David Fancy is Professor in the Department of Dramatic Arts, Brock University. He brings his theoretical and philosophical interests in immanentist thought to the intersection of a range of disciplines including philosophy, theatre studies, performance studies, science and technology studies, and critical disability studies.

    Fiona Blaikie “Posthuman energy/ies: a visual-textual trans-disciplinary assemblage”

    I am drawn to immanent and transcendent energy/ies  inherent in posthumanism’s expanding zoe rising, alongside crises of global capitalism and corrupt authoritarianism, and the transformation of anthropocentrism. Rosi Braidotti’s (2019) explores situated conditions of potential and limitation, re/framed in and through material feminisms as re/un/worlding assemblages. Drawing on Christine Daigle and Christina Landry (2013) work on de Beauvoir, and Rosi Braidotti’s empirical transcendental, I present a textual-visual assemblage, through anthropologist Kathleen Stewart’s (2019) worlding, as a way of thinking multi-modally about relationality, contexts, ecologies of being, living and dying, through worlding words, ideas and images.

    Fiona Blaikie is a professor and former Dean, Faculty of Education, Brock University. She has won numerous awards for teaching and scholarship, most recently the 2020 USSEA and InSEA Ziegfeld award for art education. Currently, she is editing an interdisciplinary collection for Routledge on gender, sexuality, and visual identity constructs.

    Jill Planche “Minor Theatre’s Dynamic Spaces of Caring Sociability in Neil Coppen’s NewFoundLand

    Postapartheid South Africa’s site of ongoing social construction calls for a robust ontological and material practice to understand the “philosophical implication of energies” of self conception – large and small. In its psychological, political and material spaces, Deleuze’s ‘minor’ theatre offers new and generative ways to move beyond identitarian grounding of assumed identities, towards lines and intensities driven by potentiality of self ordering, evoking power dynamics of vibrant bodies and territory moving – enfolding – in construction of subjectivity and mapping of spaces. I explore these concepts through Neil Coppen’s play NewFoundLand; his break from the singular voices of constraining identities to imagine new non-racial, non-gendered, immanent imaginaries.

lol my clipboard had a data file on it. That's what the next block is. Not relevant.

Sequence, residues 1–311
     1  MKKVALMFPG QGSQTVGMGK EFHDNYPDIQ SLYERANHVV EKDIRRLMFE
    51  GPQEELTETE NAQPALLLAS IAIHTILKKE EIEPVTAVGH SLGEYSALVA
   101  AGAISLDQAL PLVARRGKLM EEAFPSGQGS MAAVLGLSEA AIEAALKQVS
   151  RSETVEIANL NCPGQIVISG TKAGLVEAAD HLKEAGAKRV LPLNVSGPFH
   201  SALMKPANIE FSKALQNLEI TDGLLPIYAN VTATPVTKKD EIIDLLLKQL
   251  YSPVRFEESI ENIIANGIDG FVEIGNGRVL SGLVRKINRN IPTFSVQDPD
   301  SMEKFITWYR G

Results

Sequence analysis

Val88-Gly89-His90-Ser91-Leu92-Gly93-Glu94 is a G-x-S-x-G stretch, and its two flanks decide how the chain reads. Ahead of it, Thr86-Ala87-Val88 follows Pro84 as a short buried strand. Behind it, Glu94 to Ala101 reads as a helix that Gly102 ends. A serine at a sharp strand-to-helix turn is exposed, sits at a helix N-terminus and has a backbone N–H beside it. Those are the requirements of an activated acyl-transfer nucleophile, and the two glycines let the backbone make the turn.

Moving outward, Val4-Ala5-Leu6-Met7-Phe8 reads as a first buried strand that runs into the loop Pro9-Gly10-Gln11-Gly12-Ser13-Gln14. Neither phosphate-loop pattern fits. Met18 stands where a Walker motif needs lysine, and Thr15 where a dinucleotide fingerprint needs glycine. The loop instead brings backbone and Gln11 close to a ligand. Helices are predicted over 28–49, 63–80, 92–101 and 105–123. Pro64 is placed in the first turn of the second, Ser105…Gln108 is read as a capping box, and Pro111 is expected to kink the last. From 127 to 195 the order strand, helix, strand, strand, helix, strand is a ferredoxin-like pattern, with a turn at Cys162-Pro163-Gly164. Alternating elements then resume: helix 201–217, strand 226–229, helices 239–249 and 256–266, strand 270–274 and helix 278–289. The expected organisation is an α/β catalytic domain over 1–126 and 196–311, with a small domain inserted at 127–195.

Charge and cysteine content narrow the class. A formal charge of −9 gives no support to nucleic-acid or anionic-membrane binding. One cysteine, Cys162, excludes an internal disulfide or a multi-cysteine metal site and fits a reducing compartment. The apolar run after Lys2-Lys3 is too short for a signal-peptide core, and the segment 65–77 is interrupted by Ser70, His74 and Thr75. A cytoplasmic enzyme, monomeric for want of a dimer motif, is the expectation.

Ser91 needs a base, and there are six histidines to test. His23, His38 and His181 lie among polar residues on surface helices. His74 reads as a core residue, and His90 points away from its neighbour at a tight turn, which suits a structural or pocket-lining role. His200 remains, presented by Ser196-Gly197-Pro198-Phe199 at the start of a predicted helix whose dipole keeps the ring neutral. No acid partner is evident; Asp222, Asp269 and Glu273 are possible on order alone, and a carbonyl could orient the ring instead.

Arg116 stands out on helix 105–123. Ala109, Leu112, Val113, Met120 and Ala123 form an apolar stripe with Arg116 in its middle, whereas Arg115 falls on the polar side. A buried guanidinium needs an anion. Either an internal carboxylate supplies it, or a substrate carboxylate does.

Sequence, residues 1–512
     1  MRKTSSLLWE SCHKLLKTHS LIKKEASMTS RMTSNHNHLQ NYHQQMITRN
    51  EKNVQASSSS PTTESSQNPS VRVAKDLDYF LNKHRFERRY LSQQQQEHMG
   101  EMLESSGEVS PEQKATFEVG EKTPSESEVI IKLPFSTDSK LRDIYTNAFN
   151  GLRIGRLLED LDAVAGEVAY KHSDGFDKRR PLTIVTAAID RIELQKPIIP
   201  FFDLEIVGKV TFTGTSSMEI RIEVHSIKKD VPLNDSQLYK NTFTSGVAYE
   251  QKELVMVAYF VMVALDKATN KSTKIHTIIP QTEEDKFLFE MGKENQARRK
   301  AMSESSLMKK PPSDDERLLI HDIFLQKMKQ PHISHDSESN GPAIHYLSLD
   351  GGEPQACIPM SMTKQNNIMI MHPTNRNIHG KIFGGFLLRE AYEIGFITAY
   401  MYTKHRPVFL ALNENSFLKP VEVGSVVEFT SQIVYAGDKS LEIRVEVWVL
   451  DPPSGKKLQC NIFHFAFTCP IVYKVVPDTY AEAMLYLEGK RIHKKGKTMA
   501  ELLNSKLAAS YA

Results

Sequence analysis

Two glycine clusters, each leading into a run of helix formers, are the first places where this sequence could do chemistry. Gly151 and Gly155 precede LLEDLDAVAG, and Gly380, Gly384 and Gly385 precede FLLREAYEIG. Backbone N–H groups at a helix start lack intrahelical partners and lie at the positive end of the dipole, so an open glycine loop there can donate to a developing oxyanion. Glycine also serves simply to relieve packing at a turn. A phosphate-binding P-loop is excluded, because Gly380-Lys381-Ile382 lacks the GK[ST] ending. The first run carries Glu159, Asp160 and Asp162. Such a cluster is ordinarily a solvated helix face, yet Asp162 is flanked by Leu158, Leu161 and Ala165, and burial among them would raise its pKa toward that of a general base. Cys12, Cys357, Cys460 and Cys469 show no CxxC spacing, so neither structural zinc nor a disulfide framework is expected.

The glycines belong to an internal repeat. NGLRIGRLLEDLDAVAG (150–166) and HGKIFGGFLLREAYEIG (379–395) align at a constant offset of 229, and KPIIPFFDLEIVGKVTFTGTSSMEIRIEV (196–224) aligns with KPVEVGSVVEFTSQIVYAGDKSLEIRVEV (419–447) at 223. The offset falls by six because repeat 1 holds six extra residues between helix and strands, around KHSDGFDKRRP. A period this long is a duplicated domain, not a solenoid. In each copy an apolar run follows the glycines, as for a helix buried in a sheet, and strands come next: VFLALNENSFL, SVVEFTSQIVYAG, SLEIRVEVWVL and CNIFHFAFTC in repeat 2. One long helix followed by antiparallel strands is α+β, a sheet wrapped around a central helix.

Jill Planche PhD is an independent scholar whose work engages literature and theatre in the space of postapartheid South Africa. Current interests include ‘minor’ theatre’s role in the contemporary discourse, exploring decolonizing knowledges, feminist geography, social/cultural policy (particularly social justice) and posthumanism.

    Suzanne McCullagh “Energetic Subject of Posthuman Grace”

    This paper sketches a concept of posthuman grace as a way of thinking through Kathryn Yusoff’s claim that in order to imagine a future without fossil fuels it is necessary to understand their agency and the ways that contemporary geological subjectivity is constituted with them. The concept of grace will be created by amplifying the resonances between Saint Augustine’s notion of grace and Benedict de Spinoza immanent naturalism. Spinoza teaches that becoming active requires understanding a being’s capacity for being affected. Posthuman grace is a conceptual tool for developing an understanding of energetic subjectivity as co-constituted by human collectives and material compositions.

    Suzanne McCullagh is an Assistant Professor in Philosophy at the Centre for Humanities at Athabasca University. She is currently working on a collaborative, interdisciplinary research project titled “Contesting Extinctions” which explores and develops conceptual tools in the Environmental Humanities for conceptualizing and responding to contemporary ecological realities.


    Christine Daigle is professor of philosophy and Director of the Posthumanism Research Institute at Brock University. Her current research explores the concept of posthuman vulnerability and its ethical potential from a posthumanist material feminist point of view. She also works on environmental posthumanities and issues related to the Anthropocene.

    Mickey Vallee holds the Canada Research Chair (Tier II) in Community, Identity and Digital Media at Athabasca University. His research explores how events of uncertainty (such as environmental uncertainty, transitional justice, and currently pandemics) presuppose our obligation to rethink foundational concepts belonging to body, community, and communication.